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Terrain of Calgary Real Estate Valuation – Price To Rent Ratios January 16, 2008

Posted by DustinRJay in rental yields, valuation models.
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6 comments

In the previous post, I discussed how Calgary rental yields are less than many safe investments like bonds.  I was interested in how the price to rent ratio compared in a historical perspective and what were the valuations like compared to previous real estate cycles. 

A price to rent ratio is similar to the price to earnings concept which is borrowed from the equity markets.  The idea is that house prices can be compared against the cash flow that can be generated from the property.  Ergo, the higher the house price in comparison to the rent, the poorer the value of the asset.

RBC published a report in 2005 called “House Valuations Across Major Cities.”  At the time of the report, it stated that price to earnings ratios for Calgary real estate had pushed “significantly beyond” late 1980’s levels.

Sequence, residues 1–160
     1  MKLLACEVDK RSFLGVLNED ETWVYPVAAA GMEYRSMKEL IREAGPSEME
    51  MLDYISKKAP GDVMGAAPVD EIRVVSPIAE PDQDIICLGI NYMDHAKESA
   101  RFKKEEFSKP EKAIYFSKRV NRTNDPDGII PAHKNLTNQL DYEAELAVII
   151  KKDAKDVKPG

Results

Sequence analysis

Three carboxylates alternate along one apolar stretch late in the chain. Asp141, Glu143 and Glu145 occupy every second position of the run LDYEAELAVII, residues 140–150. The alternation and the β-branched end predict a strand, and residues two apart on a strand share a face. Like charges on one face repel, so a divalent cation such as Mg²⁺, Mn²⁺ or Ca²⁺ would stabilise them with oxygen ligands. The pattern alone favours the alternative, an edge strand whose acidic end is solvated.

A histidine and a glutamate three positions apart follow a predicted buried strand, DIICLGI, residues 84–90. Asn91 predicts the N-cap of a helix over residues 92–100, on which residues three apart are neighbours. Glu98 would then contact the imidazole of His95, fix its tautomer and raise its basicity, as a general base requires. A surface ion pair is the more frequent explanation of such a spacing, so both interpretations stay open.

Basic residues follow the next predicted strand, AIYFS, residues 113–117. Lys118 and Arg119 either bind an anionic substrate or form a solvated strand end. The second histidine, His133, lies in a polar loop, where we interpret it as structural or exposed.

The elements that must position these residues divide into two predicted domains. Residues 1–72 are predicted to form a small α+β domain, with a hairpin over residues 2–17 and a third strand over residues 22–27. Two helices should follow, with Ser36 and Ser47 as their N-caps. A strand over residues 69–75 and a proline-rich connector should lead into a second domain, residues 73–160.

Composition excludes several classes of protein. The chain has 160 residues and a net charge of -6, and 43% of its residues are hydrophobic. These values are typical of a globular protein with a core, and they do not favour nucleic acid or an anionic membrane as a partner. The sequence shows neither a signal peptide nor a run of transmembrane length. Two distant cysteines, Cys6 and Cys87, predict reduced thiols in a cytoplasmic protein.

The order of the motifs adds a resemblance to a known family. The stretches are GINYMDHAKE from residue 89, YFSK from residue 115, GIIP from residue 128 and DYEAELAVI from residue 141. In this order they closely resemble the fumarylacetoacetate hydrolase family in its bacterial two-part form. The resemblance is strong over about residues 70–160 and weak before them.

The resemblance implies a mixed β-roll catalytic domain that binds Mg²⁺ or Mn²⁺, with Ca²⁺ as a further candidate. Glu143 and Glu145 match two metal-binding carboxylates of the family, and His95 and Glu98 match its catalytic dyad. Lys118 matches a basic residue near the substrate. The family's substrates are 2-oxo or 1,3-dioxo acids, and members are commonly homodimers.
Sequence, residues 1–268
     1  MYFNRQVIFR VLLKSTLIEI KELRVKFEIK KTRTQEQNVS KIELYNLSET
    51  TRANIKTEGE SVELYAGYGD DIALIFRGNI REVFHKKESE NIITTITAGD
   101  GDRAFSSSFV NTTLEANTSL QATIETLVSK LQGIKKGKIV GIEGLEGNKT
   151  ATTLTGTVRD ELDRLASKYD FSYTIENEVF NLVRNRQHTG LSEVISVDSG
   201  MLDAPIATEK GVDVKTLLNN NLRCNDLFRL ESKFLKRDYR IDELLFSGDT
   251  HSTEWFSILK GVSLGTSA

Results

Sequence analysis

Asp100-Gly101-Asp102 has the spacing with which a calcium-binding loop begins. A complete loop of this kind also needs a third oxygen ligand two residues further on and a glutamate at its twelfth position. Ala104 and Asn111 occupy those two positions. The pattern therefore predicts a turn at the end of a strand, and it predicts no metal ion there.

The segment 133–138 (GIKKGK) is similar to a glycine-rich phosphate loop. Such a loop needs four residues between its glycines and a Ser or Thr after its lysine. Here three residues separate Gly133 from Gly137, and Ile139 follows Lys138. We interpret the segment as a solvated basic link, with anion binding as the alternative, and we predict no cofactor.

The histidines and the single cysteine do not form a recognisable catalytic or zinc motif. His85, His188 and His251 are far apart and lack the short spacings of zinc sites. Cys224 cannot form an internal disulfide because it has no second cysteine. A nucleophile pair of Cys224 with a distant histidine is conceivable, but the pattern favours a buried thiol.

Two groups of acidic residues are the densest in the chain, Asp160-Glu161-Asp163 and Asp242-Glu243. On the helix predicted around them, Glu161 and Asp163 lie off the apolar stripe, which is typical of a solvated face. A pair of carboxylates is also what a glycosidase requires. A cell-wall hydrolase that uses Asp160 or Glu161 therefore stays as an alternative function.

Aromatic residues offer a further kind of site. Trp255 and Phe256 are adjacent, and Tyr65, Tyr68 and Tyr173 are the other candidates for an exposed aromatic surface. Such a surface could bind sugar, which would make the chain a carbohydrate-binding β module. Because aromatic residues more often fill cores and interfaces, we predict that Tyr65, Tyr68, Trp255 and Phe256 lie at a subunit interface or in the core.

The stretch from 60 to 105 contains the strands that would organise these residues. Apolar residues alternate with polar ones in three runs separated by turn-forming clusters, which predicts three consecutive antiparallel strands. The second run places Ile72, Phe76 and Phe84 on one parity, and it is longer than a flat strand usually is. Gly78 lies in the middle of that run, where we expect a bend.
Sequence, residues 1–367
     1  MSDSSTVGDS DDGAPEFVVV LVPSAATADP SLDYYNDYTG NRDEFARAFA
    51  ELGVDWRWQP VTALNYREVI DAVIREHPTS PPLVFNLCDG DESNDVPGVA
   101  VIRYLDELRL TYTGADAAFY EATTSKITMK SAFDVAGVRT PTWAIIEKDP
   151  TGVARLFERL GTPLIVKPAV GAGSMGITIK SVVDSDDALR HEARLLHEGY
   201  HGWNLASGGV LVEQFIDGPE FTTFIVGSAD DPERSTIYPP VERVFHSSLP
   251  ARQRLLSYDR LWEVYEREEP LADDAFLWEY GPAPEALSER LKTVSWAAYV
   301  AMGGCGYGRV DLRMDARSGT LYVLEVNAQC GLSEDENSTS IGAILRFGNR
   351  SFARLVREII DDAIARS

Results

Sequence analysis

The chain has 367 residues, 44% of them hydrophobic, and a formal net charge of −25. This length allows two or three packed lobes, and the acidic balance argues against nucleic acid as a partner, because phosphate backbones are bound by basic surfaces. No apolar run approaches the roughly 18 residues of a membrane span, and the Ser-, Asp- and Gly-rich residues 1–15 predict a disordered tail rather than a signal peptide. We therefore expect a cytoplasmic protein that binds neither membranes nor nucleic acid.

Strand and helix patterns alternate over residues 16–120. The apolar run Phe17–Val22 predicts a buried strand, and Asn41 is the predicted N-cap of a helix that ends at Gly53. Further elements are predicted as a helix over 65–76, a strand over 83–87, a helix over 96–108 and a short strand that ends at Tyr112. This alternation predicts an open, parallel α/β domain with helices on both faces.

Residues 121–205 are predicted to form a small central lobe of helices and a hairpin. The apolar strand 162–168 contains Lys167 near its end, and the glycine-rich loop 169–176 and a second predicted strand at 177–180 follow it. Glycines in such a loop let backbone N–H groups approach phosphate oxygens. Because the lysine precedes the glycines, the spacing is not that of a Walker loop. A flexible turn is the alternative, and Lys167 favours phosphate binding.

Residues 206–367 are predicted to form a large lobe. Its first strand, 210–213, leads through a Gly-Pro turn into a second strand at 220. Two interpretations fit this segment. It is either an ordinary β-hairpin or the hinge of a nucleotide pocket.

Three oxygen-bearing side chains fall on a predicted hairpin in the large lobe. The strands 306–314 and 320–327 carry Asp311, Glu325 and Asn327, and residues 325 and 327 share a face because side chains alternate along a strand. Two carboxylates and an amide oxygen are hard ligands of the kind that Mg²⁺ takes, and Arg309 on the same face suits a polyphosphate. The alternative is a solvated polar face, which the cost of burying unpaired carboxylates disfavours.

The following is a graph of how price to rent ratios compare in Calgary.  As you can see, rental yields are an underlying fundamental of house prices up until 1998, when house prices started increasing exponentially, but the trend for the rent index stayed at roughly the same as inflation.

 Price to Rent Ratios - Terrain of Calgary Real Estate Valuation

The current valuations are roughly double the long term price to rent ratio.  This information dovetails with my previous blog entry wherein I came up with a rental yield of 3.1% for Calgary house prices which is less than safe investments like bonds.  A comparison against the long run price to rent ratio and the current valuations indicates that a more rational valuation would be 6.2% (slightly above low risk assets like bonds).

Therefore, caution may be warranted if buying, as house prices are roughly double traditional valuations.